Long-Acting Hormonal Methods

Implanon Contraceptive Implant

Average Failure Rate: less than 1%

Implanon is a type of long-term birth control that is inserted under the skin by a doctor. It is a flexible plastic rod, the size of a matchstick, that is surgically placed under the skin of a woman's arm. Implanon contains a synthetic progestin hormone called etonogestrel. Implanon is effective for up to three years.

Implanon is more effective than many other methods of birth control because it eliminates user-error, such as forgetting to take a pill or inserting a barrier method improperly. After insertion it takes seven days for Implanon to become effective. It is not known if Implanon is as effective in women who are more than 30% over their ideal weight because studies did not include many overweight women. However, Norplant, an earlier version of Implanon, was less effective in heavier women. Implanon must be surgically removed after the 3 year period.

How Implanon Works as Birth Control

Like other progestin-only hormonal contraceptives, Implanon prevents pregnancy in several ways. The primary way is by stopping release of an egg from the ovaries. Implanon also changes the mucus in the cervix and this may keep sperm from reaching the egg. Implanon also has post-fertilization mechanisms, whereby the hormone changes the lining of the uterus, making it harder for a fertilized egg to implant and develop. More about how this works...

Side Effects and Health Risks of Implanon

The most common side effect of Implanon is a change in menstrual cycles. Users can expect their menstrual period to be irregular and unpredictable throughout the time Implanon is in place. This may mean more bleeding, less bleeding, or no bleeding at all. Other common side effects that caused women to stop using Implanon in clinical studies were mood swings, weight gain, headache, acne, and clinical depression.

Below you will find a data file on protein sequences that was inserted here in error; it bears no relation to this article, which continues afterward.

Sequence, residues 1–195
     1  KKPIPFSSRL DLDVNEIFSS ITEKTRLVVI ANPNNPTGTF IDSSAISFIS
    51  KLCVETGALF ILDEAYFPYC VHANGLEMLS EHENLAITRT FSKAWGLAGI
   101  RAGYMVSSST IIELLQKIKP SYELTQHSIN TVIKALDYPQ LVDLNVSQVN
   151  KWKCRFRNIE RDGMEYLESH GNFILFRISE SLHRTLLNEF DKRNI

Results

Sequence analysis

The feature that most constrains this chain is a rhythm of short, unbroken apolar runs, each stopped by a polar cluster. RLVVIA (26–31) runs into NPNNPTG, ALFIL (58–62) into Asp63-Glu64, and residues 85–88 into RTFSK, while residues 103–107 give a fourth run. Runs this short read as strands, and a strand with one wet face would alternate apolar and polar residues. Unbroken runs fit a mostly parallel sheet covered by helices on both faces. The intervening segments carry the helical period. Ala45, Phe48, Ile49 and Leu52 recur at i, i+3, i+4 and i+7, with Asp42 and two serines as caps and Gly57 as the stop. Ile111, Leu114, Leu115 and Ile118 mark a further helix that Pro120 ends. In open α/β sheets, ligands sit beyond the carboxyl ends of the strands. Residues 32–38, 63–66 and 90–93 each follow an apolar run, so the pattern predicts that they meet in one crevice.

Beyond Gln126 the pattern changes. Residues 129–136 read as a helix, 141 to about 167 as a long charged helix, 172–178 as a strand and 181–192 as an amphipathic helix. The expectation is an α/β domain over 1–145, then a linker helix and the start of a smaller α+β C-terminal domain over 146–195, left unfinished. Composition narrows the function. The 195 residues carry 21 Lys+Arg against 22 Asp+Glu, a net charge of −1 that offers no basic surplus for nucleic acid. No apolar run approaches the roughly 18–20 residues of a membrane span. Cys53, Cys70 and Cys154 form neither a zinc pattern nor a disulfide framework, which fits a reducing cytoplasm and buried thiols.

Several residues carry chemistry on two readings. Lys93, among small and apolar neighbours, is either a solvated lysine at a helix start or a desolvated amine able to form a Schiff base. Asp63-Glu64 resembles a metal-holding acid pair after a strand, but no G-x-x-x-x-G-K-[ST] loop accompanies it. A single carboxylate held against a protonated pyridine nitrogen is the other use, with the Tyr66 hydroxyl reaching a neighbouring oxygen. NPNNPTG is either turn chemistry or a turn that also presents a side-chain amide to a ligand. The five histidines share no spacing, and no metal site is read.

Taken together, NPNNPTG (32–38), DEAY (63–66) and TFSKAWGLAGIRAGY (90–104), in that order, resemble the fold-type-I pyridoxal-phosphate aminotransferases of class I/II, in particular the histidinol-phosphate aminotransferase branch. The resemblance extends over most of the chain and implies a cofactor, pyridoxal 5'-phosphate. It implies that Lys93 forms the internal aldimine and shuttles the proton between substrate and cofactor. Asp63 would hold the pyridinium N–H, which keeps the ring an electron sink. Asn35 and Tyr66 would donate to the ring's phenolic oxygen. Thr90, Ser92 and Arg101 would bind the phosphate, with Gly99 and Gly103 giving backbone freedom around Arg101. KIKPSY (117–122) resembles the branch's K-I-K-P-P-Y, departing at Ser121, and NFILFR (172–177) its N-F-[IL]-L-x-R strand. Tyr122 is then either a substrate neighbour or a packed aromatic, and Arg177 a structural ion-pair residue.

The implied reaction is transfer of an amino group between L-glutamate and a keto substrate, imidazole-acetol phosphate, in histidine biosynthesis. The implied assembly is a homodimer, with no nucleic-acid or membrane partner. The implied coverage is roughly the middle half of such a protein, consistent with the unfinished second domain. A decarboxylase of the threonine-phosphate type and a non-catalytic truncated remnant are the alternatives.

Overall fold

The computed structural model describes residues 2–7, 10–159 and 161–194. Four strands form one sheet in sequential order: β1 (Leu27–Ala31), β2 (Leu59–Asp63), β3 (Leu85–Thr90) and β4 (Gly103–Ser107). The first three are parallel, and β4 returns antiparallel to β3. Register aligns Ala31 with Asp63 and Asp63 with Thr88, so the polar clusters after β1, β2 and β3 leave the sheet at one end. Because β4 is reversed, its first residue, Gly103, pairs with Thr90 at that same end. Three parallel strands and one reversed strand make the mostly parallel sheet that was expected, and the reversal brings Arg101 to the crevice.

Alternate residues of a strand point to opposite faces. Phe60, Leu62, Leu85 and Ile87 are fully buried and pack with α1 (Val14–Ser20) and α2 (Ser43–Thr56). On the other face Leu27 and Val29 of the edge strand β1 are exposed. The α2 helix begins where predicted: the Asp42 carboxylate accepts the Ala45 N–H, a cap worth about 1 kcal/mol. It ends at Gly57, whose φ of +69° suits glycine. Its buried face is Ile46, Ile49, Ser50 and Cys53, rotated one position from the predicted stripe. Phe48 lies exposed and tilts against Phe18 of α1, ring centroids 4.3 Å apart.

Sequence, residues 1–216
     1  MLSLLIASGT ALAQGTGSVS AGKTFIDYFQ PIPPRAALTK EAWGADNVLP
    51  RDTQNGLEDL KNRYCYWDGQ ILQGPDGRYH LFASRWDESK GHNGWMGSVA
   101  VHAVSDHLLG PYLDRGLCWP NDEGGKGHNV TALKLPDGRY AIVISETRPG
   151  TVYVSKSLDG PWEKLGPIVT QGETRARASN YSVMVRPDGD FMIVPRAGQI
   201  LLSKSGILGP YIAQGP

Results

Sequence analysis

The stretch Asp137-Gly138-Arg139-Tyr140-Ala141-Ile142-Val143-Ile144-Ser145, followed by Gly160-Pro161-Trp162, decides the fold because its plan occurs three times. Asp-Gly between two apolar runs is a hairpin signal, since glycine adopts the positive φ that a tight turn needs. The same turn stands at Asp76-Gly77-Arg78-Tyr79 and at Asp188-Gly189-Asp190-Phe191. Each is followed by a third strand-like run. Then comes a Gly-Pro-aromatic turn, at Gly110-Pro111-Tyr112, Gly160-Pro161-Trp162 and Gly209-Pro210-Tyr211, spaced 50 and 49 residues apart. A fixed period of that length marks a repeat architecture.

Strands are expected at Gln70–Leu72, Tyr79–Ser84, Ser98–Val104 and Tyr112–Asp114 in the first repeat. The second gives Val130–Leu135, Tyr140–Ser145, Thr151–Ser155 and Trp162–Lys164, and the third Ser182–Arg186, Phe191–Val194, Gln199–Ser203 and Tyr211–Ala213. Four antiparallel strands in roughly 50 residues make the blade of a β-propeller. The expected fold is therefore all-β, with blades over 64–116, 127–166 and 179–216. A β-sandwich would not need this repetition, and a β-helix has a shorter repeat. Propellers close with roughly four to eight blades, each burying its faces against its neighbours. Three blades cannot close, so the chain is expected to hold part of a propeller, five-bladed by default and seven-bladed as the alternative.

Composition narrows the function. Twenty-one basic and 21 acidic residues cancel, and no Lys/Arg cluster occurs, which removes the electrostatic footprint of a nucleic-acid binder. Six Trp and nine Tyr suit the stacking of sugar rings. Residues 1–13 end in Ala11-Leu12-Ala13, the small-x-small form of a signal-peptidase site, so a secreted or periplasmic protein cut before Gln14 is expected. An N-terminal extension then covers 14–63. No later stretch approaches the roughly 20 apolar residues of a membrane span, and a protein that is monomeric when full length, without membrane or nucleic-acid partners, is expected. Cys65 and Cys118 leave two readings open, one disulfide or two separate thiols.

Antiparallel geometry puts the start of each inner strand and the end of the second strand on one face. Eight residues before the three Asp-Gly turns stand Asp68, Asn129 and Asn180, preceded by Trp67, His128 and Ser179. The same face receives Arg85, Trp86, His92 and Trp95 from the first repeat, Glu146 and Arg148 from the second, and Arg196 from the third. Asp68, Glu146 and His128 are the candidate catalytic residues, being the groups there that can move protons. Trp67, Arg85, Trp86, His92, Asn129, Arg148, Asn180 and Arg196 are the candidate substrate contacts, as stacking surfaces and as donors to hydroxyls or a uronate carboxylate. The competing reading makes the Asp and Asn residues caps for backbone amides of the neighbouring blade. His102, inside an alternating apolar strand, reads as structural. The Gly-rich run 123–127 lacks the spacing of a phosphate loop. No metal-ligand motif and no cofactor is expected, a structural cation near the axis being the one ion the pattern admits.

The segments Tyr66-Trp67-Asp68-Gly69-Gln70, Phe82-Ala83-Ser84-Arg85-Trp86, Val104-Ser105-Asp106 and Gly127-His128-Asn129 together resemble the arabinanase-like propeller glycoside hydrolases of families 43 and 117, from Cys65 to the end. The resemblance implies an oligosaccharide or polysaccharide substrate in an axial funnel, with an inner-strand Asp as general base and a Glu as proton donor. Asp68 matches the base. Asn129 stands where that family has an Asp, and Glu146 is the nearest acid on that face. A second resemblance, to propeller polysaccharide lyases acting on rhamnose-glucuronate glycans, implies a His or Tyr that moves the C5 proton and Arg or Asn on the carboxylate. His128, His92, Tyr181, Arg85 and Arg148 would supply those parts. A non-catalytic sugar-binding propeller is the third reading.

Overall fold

Because Implanon is surgically placed under the skin, it may cause a small scar. If Implant is not placed properly, it may not prevent pregnancy, or it may be difficult or impossible to remove. (This can be especially problematic if the user has an allergic reaction to the implant.) There have been reports of Implanon getting "lost" or breaking inside of a woman, especially during the removal procedure. Removals of deeply inserted implants can lead to serious scarring, nerve damage, or other complications. If the implant cannot be removed, this may result in infertility, pregnancy outside of the womb (ectopic pregnancy), or inability to stop a drug-related allergy.

Implanon does not offer any protection from STDs, and in fact all hormonal methods appear to increase the risk of acquiring HIV and other STDs from an infected partner.

Documented Side Effects of Implanon
Side Effect Approximate Users Affected
Too Much / Very Heavy Menstrual Bleeding 1 in 4
Infrequent Menstruation 1 in 4
No Periods 1 in 5
Headaches 1 in 6
Yeast Infection 1 in 7
Weight Gain 1 in 7
Acne 1 in 7
Breast Pain 1 in 8
Upper Respiratory Tract Infection 1 in 8
Abdominal Pain 1 in 9
Sore Throat (Pharyngitis) 1 in 10
Vaginal Discharge (Leukorrhea) 1 in 10
Flu-Like Symptoms 1 in 13
Increased Cramps / Painful Menstruation (Dysmenorrhea) 1 in 14
Dizziness 1 in 14
Back Pain 1 in 15
Mood Swings 1 in 15
Nausea 1 in 16
Pain 1 in 18
Nervousness/Anxiety 1 in 18
Sinus Infection 1 in 18
Clinical Depression 1 in 18
Pain at Insertion Site 1 in 19

Information listed includes only those symptoms reported by users. Actual numbers may be higher.

Source: Implanon Prescribing Insert for Health Care Providers.

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